There is just really a whole lot of overkill in the left/liberal/Democratic blogging circles with very little thought as to repercussions for all causes in the future, some of which they might have more sympathy for.

Cede nothing. Just because I ramble off some thoughts, doesn't make me right. In answer to your question, there probably are some intelligent ways to do something; I am just not sure the mole like creatures that inhabit legislatures, both state and federal, will ever find them. At first glance, I see no problem with there being strict disclosure requirements for activity by anyone in the employ of the government, similar to other ethical disclosure rules. Have to think about that more, I am not sure......

EW - it's difficult to imagine an effective system. Even if there were a system of disclosure that passed constitutional muster, it would be easy to circumvent. Did you see Syriana - when Chris Cooper talked about receiving a one line bill from a law firm for $36,000,000 for "services rendered"? I always assumed that was what happened when salaried civil servants acquired expensive counsel like John Dowd - they would make up the lost time by padding another bill for an "interested party". Remember, Goodling never said she paid anything, only that she "intended" to start a legal defence fund - the right question for Miss Monica Goodytwoshoes was, what are the terms of your retainer of Mr. Dowd? As I understand it, he is under no obligation to charge her anything at all for representing her - but he can charge whatever he wants for work to the RNC, and it is the client who has the right to ask for a detailed accounting, as long as the money is declared to the IRS and his partners, its hard to see what could be done in such a case - clearly he would have to be careful in his timekeeping because legal bills are not protected by solicitor client privilege, although they are presumptively confidential.

May I be the first to suggest [on this thread]: Don't. Feed. The. Troll.

But but on this thread, I may be the troll; and I am hungry.

all your trolls are belong to me

and I agree with mauimom

no troll biskets for the shit stain ...

EW - perhaps one way to do it, at least in public corruption cases, is to make contributions to legal defence costs over a certain amount discloseable as a "gift" to the public official? I understood that Bill Clinton was not allowed to accept free legal services, nor were the lawyers allowed to write them off, I assume because it would be deemed a gift, but I don't know the statutory reason.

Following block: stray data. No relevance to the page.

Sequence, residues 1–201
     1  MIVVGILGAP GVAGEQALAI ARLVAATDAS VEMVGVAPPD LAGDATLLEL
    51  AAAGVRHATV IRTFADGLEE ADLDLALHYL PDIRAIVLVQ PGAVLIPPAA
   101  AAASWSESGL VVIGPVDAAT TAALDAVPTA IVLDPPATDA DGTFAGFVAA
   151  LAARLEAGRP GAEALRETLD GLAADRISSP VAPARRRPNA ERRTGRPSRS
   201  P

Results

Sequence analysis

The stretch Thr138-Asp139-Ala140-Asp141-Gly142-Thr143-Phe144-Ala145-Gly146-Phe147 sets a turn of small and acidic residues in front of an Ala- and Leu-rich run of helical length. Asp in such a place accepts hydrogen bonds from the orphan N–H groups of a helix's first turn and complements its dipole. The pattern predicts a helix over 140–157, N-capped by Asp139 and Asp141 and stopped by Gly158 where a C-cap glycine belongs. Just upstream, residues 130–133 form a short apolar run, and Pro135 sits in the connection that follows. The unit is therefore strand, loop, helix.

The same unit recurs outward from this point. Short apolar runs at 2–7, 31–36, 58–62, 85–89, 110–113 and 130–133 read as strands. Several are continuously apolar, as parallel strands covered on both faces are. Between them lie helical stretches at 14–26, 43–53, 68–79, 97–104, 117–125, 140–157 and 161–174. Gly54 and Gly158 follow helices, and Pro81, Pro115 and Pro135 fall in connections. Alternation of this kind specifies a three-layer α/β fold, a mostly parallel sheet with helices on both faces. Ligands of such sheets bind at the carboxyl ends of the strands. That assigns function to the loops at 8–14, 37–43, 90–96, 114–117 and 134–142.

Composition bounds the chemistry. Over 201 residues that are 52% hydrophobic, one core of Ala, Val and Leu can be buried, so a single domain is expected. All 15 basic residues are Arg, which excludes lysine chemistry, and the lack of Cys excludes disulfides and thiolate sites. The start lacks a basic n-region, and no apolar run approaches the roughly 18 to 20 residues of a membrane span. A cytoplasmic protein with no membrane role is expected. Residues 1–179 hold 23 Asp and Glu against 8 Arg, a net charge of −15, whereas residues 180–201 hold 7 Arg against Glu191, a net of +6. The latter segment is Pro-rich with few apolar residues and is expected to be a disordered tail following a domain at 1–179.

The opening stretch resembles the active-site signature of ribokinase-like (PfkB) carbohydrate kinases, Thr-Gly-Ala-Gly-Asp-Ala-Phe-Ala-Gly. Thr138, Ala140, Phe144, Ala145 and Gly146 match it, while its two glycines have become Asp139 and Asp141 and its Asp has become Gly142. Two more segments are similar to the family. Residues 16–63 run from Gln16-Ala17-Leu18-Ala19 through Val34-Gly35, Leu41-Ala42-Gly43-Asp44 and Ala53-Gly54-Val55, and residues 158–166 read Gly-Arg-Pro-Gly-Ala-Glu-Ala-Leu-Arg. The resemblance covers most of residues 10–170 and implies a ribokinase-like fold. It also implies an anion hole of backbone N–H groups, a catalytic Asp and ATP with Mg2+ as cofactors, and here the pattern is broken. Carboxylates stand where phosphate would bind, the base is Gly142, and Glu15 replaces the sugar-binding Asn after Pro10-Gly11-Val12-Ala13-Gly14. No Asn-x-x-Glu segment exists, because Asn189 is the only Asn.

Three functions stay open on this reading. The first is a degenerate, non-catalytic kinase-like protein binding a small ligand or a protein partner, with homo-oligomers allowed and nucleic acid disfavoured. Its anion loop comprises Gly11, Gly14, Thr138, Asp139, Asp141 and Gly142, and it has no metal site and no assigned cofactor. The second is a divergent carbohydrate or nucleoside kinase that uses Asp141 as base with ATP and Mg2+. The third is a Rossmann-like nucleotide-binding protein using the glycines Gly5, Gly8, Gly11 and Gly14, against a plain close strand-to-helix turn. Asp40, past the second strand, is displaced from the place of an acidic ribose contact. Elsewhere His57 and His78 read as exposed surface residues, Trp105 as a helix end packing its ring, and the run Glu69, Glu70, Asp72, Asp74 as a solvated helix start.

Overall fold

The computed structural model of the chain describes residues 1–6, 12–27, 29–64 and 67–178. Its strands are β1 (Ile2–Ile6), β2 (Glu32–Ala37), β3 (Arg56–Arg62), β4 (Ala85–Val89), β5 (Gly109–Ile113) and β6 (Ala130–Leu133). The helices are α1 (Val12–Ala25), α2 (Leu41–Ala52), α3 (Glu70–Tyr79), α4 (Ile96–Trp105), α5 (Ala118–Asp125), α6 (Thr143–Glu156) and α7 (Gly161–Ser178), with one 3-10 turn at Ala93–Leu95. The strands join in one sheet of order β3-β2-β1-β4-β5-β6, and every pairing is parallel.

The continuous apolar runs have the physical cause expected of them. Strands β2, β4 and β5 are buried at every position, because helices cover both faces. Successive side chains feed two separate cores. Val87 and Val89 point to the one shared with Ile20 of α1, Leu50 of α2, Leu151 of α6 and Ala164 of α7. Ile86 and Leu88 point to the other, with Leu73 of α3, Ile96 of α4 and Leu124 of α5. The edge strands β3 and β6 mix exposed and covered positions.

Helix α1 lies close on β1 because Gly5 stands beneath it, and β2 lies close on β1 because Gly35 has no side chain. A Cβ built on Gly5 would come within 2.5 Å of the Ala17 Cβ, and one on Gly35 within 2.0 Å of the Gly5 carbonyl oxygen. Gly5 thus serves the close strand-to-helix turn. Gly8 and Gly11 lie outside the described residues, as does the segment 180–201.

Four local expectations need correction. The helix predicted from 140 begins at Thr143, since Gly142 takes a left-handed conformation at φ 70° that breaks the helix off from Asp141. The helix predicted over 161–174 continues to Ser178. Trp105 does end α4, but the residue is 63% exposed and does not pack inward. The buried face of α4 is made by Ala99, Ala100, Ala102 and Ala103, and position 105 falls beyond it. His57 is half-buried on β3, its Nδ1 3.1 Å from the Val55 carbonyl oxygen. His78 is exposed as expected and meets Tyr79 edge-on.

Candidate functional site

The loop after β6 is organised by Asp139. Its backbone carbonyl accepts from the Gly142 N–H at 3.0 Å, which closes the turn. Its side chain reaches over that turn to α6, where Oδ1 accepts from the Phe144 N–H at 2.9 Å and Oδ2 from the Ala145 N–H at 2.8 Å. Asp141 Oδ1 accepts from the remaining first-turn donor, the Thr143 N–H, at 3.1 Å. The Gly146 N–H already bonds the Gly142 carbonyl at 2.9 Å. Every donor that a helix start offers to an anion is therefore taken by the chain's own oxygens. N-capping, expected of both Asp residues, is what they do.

Freepatriot - thanks for the assist!

from the linked article:

The measure defines such funds as accounts created to pay legal costs associated with any allegations of wrongdoing arising from a campaign, the electoral process or the performance of official duties.

I think that goes a long way towards addressing the concerns of ordinary folks. I'm not sure I buy the idea that $10,000 cap is a good idea, but requiring public disclosure of donations is absolutely necessary.

Wouldn't the high moral rectitude (if it existed) of those charged with these crimes inspire some attorney to work pro-bono for such a meritorious case? To the contrary, all the high-priced legal firms are treating them like common criminals.

William Ockham - Doh! Links are my friends. Links are my friends. Comments are so much better when done on an informed basis, and I am a serial violator in that regard. That removes most of the objections I had. I still have some issue with the dollar limitation as you appear to as well. I would also probably like to see an exception for direct family members. I will say this, if they think they will ever get this law applied to Gibbons in any regards, I think they are nuts. There are some pretty technical legal arguments that will likely prevent that, but I am liking it a lot better on the whole.

I hope they plug the DeLay defense fund defense: DeLay ran for Congress, even though it appeared he would be arrested before he could serve his 11th term (I think). So all those people who thought they were contributing to a Congressional run were had - it went to his legal defense fund. I think there should be a law regarding election contributions: you can use the funds for elections, and for election defense (recounts and the lawyers), but you may not use the funds to defend yourself against criminal charges.

Sailmaker - Now that is an EXCELLENT point. That practice has pissed me off for years and I see absolutely nothing legally preluding legislation banning it.